12. Martin Lettau & Sydney Ludvigson, 2001. "Resurrecting the (C)CAPM: A Cross-Sectional Test When Risk Premia Are Time-Varying," Journal of Political Economy, University of Chicago Press, vol. 109(6), pages 1238-1287, December.
  13. Campbell, John Y, 1991. "A Variance Decomposition for Stock Returns," Economic Journal, Royal Economic Society, vol. 101(405), pages 157-79, March.
  14. Sydney Ludvigson & Martin Lettau, 1999. "Consumption, aggregate wealth and expected stock returns," Staff Reports 77, Federal Reserve Bank of New York.
  15. Sundaresan, Suresh M, 1989. "Intertemporally Dependent Preferences and the Volatility of Consumption and Wealth," Review of Financial Studies, Society for Financial Studies, vol. 2(1), pages 73-89.
  16. Lior Menzly & Tano Santos & Pietro Veronesi, 2004. "Understanding Predictability," Journal of Political Economy, University of Chicago Press, vol. 112(1), pages 1-47, February.
  17. Lucas, Robert E, Jr, 1978. "Asset Prices in an Exchange Economy," Econometrica, Econometric Society, vol. 46(6), pages 1429-45, November.
  18. Jeffrey C. Fuhrer, 2000. "Habit Formation in Consumption and Its Implications for Monetary-Policy Models," American Economic Review, American Economic Association, vol. 90(3), pages 367-390, June.
  19. Jody Overland & Christopher D. Carroll & David N. Weil, 2000. "Saving and Growth with Habit Formation," American Economic Review, American Economic Association, vol. 90(3), pages 341-355, June.
  20. John H. Cochrane & Lars Peter Hansen, 1992. "Asset Pricing Explorations for Macroeconomics," NBER Working Papers 4088, National Bureau of Economic Research, Inc.
  21. Yeung Lewis Chan & Leonid Kogan, 2002. "Catching Up with the Joneses: Heterogeneous Preferences and the Dynamics of Asset Prices," Journal of Political Economy, University of Chicago Press, vol. 110(6), pages 1255-1285, December.
  22. Constantinides,George & Duffie,Darrel, 1992. "Asset pricing with heterogeneous consumers," Discussion Paper Serie A 381, University of Bonn, Germany.
  23. Alan S. Blinder & Angus Deaton, 1985. "The Time Series Consumption Function Revisited," Brookings Papers on Economic Activity, Economic Studies Program, The Brookings Institution, vol. 16(2), pages 465-521.
  24. Gali, J., 1992. "Keeping Up with the Joneses: Consumption Externalities, Portfolio Choice and Asset Prices," Papers 92-22, Columbia - Graduate School of Business.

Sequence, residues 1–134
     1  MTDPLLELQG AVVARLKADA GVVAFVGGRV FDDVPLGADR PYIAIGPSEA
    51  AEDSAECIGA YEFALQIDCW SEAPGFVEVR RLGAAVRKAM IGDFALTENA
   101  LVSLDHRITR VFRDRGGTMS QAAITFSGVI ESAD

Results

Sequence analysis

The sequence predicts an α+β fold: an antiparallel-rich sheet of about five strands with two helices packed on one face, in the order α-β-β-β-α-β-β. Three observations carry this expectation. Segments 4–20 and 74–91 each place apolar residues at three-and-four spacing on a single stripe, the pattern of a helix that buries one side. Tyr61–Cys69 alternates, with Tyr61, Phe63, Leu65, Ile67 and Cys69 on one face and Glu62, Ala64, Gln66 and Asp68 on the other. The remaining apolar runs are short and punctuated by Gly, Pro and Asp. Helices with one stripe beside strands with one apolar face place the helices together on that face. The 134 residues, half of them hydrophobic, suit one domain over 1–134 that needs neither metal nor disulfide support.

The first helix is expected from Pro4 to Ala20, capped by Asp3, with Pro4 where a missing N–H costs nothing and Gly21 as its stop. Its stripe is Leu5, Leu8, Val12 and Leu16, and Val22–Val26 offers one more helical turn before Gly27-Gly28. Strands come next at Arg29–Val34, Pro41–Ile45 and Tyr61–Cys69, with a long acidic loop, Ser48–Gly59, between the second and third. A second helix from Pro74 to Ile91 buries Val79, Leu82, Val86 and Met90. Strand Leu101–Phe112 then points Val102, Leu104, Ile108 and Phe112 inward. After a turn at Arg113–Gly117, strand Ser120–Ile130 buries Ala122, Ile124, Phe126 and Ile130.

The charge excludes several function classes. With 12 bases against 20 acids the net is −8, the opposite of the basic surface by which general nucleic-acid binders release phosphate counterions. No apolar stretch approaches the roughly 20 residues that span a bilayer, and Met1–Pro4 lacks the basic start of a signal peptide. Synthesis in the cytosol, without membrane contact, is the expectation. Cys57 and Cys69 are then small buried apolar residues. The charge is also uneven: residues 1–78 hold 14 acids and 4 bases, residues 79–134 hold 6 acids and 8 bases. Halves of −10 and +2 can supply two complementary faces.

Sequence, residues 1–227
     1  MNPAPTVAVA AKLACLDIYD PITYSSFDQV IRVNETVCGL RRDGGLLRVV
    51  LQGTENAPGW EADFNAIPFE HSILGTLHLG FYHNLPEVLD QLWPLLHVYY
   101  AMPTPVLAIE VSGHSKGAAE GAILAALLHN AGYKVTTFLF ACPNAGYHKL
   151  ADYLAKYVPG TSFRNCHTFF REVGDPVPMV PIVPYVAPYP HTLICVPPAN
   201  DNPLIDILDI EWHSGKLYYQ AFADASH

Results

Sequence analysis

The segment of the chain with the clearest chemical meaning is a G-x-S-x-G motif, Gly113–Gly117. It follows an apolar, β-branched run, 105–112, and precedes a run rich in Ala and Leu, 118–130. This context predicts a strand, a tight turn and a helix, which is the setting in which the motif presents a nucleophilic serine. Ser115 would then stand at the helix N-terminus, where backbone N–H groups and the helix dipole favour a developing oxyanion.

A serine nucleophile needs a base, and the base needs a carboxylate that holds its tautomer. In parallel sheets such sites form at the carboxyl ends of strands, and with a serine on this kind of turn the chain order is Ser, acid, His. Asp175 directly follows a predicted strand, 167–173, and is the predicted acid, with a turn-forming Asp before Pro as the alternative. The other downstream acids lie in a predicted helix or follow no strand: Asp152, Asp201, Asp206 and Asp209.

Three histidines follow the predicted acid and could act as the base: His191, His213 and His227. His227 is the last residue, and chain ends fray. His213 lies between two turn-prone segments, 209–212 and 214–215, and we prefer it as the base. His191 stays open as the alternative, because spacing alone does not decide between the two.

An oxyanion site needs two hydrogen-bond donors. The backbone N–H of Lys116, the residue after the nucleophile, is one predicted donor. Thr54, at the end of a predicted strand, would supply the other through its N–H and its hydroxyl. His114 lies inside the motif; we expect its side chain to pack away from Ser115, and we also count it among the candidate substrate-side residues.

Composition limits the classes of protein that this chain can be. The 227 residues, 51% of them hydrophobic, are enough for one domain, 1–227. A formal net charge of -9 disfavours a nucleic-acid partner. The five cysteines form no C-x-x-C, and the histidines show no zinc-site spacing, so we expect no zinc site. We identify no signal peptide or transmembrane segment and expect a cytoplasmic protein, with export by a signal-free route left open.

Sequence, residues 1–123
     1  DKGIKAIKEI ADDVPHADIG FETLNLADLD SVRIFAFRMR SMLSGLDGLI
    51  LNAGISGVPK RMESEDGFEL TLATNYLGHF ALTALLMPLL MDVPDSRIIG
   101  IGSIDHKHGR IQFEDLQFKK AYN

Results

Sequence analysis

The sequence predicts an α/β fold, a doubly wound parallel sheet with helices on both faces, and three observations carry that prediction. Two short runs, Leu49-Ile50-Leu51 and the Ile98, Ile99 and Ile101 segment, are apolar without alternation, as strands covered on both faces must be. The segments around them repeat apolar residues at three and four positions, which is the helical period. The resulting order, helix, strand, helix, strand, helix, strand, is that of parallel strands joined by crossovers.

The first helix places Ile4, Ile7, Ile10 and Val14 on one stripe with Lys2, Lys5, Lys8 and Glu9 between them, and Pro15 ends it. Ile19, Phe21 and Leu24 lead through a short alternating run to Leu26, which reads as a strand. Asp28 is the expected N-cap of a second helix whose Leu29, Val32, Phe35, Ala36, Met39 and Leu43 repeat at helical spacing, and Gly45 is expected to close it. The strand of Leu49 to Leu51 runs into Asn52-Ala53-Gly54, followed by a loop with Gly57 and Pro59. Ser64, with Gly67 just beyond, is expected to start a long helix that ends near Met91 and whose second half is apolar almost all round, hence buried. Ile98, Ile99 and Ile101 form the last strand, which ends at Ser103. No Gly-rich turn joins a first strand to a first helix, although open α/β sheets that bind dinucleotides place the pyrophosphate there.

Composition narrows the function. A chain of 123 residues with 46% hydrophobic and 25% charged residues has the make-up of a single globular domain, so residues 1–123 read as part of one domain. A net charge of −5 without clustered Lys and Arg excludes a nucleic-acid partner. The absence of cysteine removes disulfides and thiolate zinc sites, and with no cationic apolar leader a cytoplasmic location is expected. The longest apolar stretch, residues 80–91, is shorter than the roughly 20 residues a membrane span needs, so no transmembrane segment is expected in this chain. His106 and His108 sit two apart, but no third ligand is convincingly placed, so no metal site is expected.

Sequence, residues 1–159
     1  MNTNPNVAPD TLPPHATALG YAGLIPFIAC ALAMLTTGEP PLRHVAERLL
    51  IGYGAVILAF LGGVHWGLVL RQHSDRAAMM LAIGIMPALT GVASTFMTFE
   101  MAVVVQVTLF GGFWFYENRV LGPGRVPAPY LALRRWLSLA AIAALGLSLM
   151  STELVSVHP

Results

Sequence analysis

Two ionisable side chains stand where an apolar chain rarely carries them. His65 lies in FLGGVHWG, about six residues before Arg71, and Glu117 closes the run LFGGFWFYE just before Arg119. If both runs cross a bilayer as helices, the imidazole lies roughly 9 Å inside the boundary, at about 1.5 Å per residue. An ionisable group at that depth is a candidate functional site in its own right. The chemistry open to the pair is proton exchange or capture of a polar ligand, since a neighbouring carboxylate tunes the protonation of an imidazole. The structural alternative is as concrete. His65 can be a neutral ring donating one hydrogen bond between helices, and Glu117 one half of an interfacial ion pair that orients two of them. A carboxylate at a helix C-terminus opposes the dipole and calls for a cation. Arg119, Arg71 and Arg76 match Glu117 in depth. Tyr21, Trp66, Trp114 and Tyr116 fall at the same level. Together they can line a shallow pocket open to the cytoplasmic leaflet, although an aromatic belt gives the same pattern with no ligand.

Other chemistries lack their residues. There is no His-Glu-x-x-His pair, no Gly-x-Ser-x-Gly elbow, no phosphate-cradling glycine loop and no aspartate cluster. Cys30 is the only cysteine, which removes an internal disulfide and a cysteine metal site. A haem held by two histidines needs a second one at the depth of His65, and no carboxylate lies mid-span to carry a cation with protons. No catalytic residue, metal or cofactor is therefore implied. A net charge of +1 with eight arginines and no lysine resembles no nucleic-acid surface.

25. Karen E. Dynan, 2000. "Habit Formation in Consumer Preferences: Evidence from Panel Data," American Economic Review, American Economic Association, vol. 90(3), pages 391-406, June.
  26. Hansen, Lars Peter, 1982. "Large Sample Properties of Generalized Method of Moments Estimators," Econometrica, Econometric Society, vol. 50(4), pages 1029-54, July.
  27. Michele Boldrin & Lawrence J. Christiano & Jonas D. M. Fisher, 2000. "Habit persistence, asset returns and the business cycle," Staff Report 280, Federal Reserve Bank of Minneapolis.
Full references (including those not matched with items on IDEAS)

This item is not listed on Wikipedia, on a reading list or among the top items on IDEAS.

When requesting a correction, please mention this item's handle: RePEc:eee:jebusi:v:62:y::i:3:p:176-194. See general information about how to correct material in RePEc.

For technical questions regarding this item, or to correct its authors, title, abstract, bibliographic or download information, contact: (Zhang, Lei)

If you have authored this item and are not yet registered with RePEc, we encourage you to do it here. This allows to link your profile to this item. It also allows you to accept potential citations to this item that we are uncertain about.

If references are entirely missing, you can add them using this form.

If the full references list an item that is present in RePEc, but the system did not link to it, you can help with this form.

If you know of missing items citing this one, you can help us creating those links by adding the relevant references in the same way as above, for each refering item. If you are a registered author of this item, you may also want to check the "citations" tab in your profile, as there may be some citations waiting for confirmation.

Please note that corrections may take a couple of weeks to filter through the various RePEc services.

This information is provided to you by IDEAS at the Research Division of the Federal Reserve Bank of St. Louis using RePEc data.